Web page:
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Who makes collections? | Creators and Ownership

Creation and Ownership. Who makes collections?

Who makes collections?

Normally, we plump for the easy answer. The creator of the collection is the person who produced all the items in the collection.

But what if the person who ended up with the stuff made

some, but not all, of it? What if some of the items were the result of collaborative projects?

What if someone created records about a person without that person's consent? Who do the records belong to in that case? Who should they belong to?

Are there different types of creation?

Jennifer Douglas did a lot of work on the personal collections of writers. She found five main acts of creation, which turn 'a bunch of stuff' into a 'collection'.

1. When the writer produced the material herself.

2. When the writer's community produce and collect material about her.

3. When someone else is caring for the writer's stuff. Perhaps by rearranging it, or adding more material.

4. When an archivist selects the material to be set aside for long-term preservation. This links writer's stuff to the lives of other people who may have had nothing to do with the writer before.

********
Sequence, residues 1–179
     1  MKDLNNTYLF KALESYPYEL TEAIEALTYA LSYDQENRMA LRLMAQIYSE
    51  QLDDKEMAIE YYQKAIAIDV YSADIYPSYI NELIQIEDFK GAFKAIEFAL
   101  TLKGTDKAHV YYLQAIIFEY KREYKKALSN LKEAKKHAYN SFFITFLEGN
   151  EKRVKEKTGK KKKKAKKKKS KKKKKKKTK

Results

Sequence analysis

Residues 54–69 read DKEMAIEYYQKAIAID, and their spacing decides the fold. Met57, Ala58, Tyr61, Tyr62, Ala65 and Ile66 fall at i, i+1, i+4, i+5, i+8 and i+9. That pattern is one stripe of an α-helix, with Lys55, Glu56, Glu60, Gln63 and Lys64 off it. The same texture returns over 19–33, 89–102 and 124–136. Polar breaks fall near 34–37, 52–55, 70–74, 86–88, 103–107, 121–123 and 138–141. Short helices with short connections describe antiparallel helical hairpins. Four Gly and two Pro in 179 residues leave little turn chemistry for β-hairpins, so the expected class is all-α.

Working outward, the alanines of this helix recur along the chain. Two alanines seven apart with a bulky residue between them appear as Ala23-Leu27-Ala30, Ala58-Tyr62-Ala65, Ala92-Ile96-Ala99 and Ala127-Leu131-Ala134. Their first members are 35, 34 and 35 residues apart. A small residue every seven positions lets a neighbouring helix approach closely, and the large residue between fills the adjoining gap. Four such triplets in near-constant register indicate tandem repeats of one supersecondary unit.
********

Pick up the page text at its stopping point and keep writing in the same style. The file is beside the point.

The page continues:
5. When other people use the writer's material for a new purpose. Perhaps an activist uses a person's story to raise awareness of a cause he cares about. Perhaps a teacher can see a lesson in the writer's unfinished work. Or perhaps an artist gets inspired.

Why does this matter?

It matters because of ownership: who gets a say in what happens to personal collections?

Our habitual way of thinking is that the only person who gets a say is the person who created the item or collection. So, by this reckoning, Kafka's work should have been destroyed, as per his request.

What about if someone has invested their creative energy into the work of someone else? How tangled up can the creation and/or ownership of collections get?

And this isn't just an Intellectual Property thing either:

When someone is not the creator, but the subject of the records, then what? Say if you travelled to the UK as part of the Windrush Generation, for example...? Shouldn't the subjects of records have some kind of ownership over them?

Thank you!

As usual, I'm posing all questions and no answers here. These were just some thoughts I had after reading:

Douglas, Jennifer. ‘A Call to Rethink Archival Creation: Exploring Types of Creation in Personal Archives’. Archival Science 18, no. 1 (March 2018): 29–49.

This was part of my Deep Dive into Personal Digital Archiving Series.

And if you'd like to keep up with the rest of the articles in this series, then drop me your email address. I'll send you a monthly round-up, and a free downloadable workbook on How to Start Your Digital Archive.

Until next week: thanks so much for reading, you lovely people! I really appreciate it ;)

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